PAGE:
Two such hugely successful friends attended non Russell Group universities. Whilst attending a red brick university offers great rewards they have to be seized, for example engaging in extra curricular activities. Whilst my three years in Manchester boozers were often enjoyable, my CV could have been improved. Hindsight. I came out a directionless linguistics graduate with an increased sense of importance and self-worth, only applying for jobs paying 20k plus (‘I have a degree, don’t you know?’). Entering the job centre and pursuing an ultimately unfulfilled dream to write a film script, I shunned menial work after university. Striving for my degree (and admittedly more time in the union bar) I tossed Sainsbury’s aside and survived on the student loan, an increasingly generous overdraft and various hardship funds. I returned to Sainsbury’s in the summer of 2003, quitting after four days, feeling it was beneath this graduate.

A life of signing on, job application rejections and occasional flirtations with work (the summer of 2004 in Smith’s irking management with my supercilious tone) affected me psychologically, especially as I heard of peers progressing. Two and a half years in a bank call centre from 2005, with policies and procedures designed to suck the last vestiges of humanity from its drone-like work force (people I felt educationally superior to) hardly helped my sense of self worth either.

I had chosen my degree based upon its interest to me but debate continues to the day on whether students should choose those, like my friends did, with better employment prospects.

These are tricky waters to navigate, especially as the kind of material wealth afforded by certain degrees does not necessarily translate into personal satisfaction, as has been discussed online and as an old school friend recently told me.

The irony being that it was only on returning to university at the age of 32 as a mature student, did I find my desired career path. Helping me greatly was a belief that journalism was the direction for me coupled with the kind of drive, ambition and commitment life’s adventures can form.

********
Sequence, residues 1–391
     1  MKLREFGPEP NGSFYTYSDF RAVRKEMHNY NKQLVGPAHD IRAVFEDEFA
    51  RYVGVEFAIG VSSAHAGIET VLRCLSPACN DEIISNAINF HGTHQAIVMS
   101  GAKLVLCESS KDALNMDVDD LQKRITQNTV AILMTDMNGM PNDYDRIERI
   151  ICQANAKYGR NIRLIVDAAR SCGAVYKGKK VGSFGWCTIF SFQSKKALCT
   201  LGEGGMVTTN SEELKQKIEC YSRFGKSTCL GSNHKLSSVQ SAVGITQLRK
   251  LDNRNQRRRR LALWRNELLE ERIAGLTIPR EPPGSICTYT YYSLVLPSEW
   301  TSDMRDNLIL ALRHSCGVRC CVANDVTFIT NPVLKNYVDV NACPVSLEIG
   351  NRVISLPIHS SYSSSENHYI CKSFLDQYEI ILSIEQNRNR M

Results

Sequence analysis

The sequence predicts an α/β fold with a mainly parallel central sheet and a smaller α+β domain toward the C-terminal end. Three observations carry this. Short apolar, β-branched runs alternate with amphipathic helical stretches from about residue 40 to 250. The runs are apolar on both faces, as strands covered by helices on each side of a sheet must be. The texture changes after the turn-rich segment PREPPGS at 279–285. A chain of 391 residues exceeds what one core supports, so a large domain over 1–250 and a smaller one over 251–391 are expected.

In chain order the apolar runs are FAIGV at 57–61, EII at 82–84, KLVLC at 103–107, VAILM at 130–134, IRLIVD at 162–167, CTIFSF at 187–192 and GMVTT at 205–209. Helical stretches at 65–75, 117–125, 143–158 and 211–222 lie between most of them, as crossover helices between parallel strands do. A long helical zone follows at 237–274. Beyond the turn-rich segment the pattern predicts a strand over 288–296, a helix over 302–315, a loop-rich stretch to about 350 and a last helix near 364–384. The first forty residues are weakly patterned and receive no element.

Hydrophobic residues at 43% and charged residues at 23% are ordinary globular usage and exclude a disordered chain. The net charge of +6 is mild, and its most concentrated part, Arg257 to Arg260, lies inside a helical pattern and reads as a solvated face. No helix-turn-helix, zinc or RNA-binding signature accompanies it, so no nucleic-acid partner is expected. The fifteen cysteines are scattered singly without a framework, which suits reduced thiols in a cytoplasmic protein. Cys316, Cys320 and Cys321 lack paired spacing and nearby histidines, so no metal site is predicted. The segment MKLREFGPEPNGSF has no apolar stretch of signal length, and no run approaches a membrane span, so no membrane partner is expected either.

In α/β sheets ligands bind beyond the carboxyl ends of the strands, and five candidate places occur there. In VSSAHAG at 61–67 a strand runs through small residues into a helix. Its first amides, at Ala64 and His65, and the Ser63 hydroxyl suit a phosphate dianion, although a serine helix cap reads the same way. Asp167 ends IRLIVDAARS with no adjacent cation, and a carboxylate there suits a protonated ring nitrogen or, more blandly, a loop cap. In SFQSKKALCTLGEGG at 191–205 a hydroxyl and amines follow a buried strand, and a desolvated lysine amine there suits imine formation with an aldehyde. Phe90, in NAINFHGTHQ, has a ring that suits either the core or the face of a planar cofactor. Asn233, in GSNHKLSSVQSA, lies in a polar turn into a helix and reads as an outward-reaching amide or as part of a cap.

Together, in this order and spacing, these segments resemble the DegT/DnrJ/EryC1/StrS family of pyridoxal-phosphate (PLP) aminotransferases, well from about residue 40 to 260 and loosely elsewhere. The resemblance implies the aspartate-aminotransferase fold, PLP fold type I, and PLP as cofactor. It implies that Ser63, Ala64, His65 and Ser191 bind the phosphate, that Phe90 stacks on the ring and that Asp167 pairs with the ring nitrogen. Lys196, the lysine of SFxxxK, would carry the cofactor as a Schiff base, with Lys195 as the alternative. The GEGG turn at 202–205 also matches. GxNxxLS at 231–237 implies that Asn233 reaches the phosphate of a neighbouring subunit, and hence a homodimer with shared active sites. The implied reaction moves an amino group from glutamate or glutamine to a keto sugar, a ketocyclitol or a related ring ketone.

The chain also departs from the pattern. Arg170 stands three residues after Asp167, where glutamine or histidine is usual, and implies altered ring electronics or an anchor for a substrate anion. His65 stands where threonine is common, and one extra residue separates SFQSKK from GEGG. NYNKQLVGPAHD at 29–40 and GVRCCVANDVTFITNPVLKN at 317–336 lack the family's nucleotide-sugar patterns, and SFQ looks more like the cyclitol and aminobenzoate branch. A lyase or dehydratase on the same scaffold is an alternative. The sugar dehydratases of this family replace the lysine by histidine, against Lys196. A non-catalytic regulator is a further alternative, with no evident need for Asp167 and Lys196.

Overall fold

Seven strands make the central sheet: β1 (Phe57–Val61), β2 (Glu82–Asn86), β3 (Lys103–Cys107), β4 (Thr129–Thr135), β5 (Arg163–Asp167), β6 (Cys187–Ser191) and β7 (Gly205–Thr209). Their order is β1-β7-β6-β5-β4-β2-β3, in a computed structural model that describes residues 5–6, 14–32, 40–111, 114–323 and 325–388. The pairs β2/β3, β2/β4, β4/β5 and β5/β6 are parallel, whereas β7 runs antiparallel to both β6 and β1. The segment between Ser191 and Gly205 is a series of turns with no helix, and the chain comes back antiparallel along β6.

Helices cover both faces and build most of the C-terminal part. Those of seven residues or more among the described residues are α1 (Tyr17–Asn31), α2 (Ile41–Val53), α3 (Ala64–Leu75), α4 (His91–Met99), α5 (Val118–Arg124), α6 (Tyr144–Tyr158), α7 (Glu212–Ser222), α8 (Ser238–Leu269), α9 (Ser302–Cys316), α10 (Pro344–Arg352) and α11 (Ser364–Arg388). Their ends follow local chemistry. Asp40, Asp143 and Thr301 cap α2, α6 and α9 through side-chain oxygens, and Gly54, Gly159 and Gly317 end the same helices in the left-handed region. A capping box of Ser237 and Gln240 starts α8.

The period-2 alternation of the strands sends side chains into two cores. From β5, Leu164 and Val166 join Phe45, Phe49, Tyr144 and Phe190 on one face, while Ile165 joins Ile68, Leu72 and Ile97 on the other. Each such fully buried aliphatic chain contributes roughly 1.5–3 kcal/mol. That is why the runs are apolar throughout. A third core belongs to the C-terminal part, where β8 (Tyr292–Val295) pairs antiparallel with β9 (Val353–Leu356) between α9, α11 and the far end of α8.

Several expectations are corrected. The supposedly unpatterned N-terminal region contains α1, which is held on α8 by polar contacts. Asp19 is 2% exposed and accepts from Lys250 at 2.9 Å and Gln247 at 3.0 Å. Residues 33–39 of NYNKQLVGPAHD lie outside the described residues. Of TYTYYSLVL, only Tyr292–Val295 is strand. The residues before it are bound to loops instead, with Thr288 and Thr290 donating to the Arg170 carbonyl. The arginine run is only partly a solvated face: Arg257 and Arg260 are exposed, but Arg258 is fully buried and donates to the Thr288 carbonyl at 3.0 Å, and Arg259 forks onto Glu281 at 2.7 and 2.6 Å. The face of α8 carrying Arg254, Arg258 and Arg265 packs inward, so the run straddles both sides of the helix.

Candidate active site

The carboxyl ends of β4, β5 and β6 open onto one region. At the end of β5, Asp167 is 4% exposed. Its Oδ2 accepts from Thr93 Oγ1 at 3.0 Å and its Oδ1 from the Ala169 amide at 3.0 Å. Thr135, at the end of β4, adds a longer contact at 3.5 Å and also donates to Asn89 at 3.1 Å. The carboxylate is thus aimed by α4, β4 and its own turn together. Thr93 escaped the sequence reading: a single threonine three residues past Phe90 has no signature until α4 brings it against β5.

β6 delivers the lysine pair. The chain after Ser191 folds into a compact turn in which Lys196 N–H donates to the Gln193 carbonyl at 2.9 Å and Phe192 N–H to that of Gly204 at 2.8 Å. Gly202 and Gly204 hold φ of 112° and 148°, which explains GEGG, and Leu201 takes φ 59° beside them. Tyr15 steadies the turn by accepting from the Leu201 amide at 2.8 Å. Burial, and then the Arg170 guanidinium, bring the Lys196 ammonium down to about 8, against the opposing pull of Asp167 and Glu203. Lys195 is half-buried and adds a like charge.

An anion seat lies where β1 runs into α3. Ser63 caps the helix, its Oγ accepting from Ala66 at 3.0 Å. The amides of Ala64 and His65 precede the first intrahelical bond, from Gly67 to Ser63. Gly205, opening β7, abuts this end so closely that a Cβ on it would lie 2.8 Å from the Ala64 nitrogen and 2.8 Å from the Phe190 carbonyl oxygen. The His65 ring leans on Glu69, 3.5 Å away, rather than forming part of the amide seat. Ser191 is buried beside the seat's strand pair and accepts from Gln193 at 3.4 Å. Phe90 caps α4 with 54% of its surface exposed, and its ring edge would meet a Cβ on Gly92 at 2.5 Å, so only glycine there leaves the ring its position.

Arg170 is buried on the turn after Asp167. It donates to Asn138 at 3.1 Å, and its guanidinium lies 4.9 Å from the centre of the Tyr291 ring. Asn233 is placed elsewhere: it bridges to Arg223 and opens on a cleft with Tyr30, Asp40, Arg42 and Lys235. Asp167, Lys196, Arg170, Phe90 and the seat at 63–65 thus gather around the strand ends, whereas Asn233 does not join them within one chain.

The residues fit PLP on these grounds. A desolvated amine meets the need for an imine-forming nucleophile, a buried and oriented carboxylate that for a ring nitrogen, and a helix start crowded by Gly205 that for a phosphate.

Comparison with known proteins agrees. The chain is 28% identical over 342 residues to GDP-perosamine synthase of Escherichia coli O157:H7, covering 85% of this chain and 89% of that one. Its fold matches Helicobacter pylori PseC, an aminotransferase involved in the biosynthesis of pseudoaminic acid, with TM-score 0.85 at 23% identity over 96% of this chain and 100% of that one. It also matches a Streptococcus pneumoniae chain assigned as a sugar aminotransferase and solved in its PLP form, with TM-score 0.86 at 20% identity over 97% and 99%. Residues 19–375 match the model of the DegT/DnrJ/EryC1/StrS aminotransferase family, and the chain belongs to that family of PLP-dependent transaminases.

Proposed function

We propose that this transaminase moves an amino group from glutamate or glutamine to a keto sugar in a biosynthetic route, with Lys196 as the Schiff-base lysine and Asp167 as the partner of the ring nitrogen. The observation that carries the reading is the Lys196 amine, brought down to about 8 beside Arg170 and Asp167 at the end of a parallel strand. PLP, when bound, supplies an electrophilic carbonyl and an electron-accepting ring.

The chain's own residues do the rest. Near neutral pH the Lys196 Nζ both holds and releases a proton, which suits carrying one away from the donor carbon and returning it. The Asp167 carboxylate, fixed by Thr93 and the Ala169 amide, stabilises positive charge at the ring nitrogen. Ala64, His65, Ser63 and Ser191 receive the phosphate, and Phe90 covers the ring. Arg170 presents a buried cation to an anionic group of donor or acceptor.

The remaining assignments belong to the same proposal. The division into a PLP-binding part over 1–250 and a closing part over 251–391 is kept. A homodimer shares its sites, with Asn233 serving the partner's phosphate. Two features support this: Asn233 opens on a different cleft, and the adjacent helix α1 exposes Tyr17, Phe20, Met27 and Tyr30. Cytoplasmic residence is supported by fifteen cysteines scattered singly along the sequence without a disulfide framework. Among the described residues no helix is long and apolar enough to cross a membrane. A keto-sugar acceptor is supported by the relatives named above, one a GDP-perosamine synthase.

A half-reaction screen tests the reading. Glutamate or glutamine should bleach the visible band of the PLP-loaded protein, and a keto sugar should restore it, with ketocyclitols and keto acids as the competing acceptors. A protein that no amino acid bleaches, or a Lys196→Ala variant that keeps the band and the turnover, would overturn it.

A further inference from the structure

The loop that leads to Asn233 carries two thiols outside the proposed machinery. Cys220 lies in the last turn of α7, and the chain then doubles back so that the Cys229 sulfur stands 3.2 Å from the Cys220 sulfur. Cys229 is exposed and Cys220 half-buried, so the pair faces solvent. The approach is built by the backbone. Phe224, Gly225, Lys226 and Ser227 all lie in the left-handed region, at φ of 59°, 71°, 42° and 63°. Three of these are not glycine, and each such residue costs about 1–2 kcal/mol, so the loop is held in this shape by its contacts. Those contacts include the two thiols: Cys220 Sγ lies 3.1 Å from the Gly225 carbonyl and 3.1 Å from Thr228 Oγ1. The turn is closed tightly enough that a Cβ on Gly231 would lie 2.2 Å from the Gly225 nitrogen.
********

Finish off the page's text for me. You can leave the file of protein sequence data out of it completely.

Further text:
Image; Copyright Mark Ramsay, flickr. Shared under Creative Commons license attribution 2.0 generic. Original image on https://www.flickr.com/photos/neutronboy/9788045101

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2 thoughts on “Why a graduate job should not be the be all and end all of higher education

  1. Great insight, sir. As I’m currently in the midst of a near three-month-old uphill struggle to try get myself a goddamn job, I’m cursing my creative writing degrees on a daily basis at the moment. I share your sentiment that having a degree is no longer the rainbow with that fabled pot of gold at the end of it, despite colleges, sixth forms, and universities best efforts to have you believe otherwise. The market is now so saturated with graduates, and the tuition fees so extortionate – not to mention living costs – that there needs to be more transparency for 16/17 year olds contemplating going to university whether or not it is financially viable. But even beyond that, I think more transparency is needed for those 16/17 year olds that a degree is not a one-way ticket to a rosy future (that’s how my sixth form sold it to me).

    1. Cheers for the read and compliment Jaime. Best of luck with the job hunt. University seems to be a bit of a factory. Interesting you say how university was sold in a particular way to you, which makes me think transparency may be an idealistic approach given the whole system might crumble if people start debating its outcomes.